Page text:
On the eve of submission of the 2002 budget for approval, the top management of the Finance Ministry gave the financial press several briefings. The Finance Minister and his director-general spoke of the outlines of the new economic plan, of its need for public support and of the great importance of budget cuts. In between he managed to sneak in an ominous piece of news: the budget deficit for 2001, his first year in office, will come to 4.6% of the GDP, a far cry from the 1.75% target set by the government's reduced deficit law.
The new 4% deficit is a major leap not just when compared with the original budget target but also when compared with the estimate given only three months earlier by Finance Ministry director-general Ohad Marani. In an interview on his first day in office, Marani estimated the budget deficit in 2001 will come to anywhere between 2% and 2.2%.
When asked if that prediction was not overly optimistic, Marani's answer was: "I think we are on steady ground when we estimate recovery and growth of 4% for next year."
A month has gone by since the estimate was hiked from 2% to 4%, and yesterday the treasury posted the updated data. The government budget deficit in 2001 will come to 4.6% - 0.6%, or NIS 2.8 billion more than the 4% predicted. Altogether the deficit in 2001, unless other surprises are in store, will come to NIS 21.3 billion.
Accountant General Nir Gilad yesterday proudly said that the budget variation stems from an enormous reduction of revenues from taxes. As far as expenses are concerned, the ministry met its goals to a tee. We are not sure why he is so boastful. Gilad knows that any money manager in a big corporation would get the immediate sack were he to say the company met its expenditures goal, it was just the revenues that slipped.
On the face of things, the people at the Finance Ministry have an excellent alibi. They could not predict the events of September 11, the cause of the current global and local economic slowdown that led to the dwindling of tax revenues. But in reality, the attacks can only explain a small par of the great budget deficit.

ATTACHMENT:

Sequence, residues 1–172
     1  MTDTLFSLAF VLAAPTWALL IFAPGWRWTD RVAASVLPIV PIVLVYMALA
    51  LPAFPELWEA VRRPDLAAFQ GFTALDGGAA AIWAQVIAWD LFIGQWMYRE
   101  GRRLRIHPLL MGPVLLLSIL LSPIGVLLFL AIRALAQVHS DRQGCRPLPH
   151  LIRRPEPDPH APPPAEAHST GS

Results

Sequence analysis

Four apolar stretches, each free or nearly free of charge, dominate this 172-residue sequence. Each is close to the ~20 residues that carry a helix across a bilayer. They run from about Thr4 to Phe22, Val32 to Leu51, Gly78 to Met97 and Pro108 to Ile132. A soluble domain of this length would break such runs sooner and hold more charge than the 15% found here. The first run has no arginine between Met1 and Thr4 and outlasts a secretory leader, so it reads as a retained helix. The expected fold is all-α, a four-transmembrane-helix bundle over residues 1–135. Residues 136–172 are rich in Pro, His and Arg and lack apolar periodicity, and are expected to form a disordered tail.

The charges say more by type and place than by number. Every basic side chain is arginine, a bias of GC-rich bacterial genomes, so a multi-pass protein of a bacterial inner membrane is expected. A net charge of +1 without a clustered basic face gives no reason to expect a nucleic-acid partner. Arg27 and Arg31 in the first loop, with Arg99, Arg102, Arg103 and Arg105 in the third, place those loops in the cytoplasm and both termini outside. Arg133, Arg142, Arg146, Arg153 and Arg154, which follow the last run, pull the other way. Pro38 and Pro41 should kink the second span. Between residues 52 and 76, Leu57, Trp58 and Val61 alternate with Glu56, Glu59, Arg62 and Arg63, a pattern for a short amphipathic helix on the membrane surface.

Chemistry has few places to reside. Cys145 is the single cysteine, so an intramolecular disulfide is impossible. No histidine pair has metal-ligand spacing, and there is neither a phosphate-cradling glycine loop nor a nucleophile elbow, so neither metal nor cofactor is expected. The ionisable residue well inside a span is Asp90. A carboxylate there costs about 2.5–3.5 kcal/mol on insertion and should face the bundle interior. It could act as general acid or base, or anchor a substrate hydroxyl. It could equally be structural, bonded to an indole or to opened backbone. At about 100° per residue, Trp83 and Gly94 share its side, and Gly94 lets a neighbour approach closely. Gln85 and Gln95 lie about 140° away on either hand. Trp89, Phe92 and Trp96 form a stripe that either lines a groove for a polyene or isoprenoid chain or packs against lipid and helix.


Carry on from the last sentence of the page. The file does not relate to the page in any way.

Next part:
As early as the first half of 2001, the writing was on the wall. The Israeli market went into lower gear because of the Intifada and the bursting Wall Street hi-tech bubble. Everyone knew tax revenues would have a delayed six month to one-year response to the slowdown, as they always do.
But treasury officials preferred to ignore what was going on and hope for better days. Instead of calling for dramatic cost cutting in 2001, they boasted about the steady revenues from taxes, at a level that allowed them to count on 4% growth in 2002 when planning the budget for that year.
One man was asleep at his post guarding the ministry's officials. Bank of Israel Governor, David Klein, once a true militant as far as meeting deficit goals was concerned, was a lot more lenient towards the ministry's forecasts in 2001. This was at least partially because the bank itself also failed to predict correctly, and did not gain a good enough grasp of the depth of either the local or the global recession.
The denial policy adopted by the ministry and the Bank of Israel in the last six months is one of the reasons why the ministry is having so much difficulty making the necessary budget cuts today. Even if the ministry manages to make the full cut in the budget without raising taxes, the deficit in 2002 will still end up at about 3%, if we're lucky, and 4%, which is more likely.
The year 2001 will be written down as one of the worst years in Israel's fiscal history. The last year when such a high deficit was recorded was 1996. It is no accident that both 2001 and 1996 were the first years a new government was in power. New governments don't mind giant deficits on their first year: they simply blame the previous government for the bungle.
This is just the time to recall how the Netanyahu-Meridor government exceeded its deficit goal in 1996, but worked determinedly to reduce it in 1997 and 1998. If Ariel Sharon and Silvan Shalom don't come to, the deficit in 2002 will be almost like that in 2001, and they won't have anyone to blame but themselves.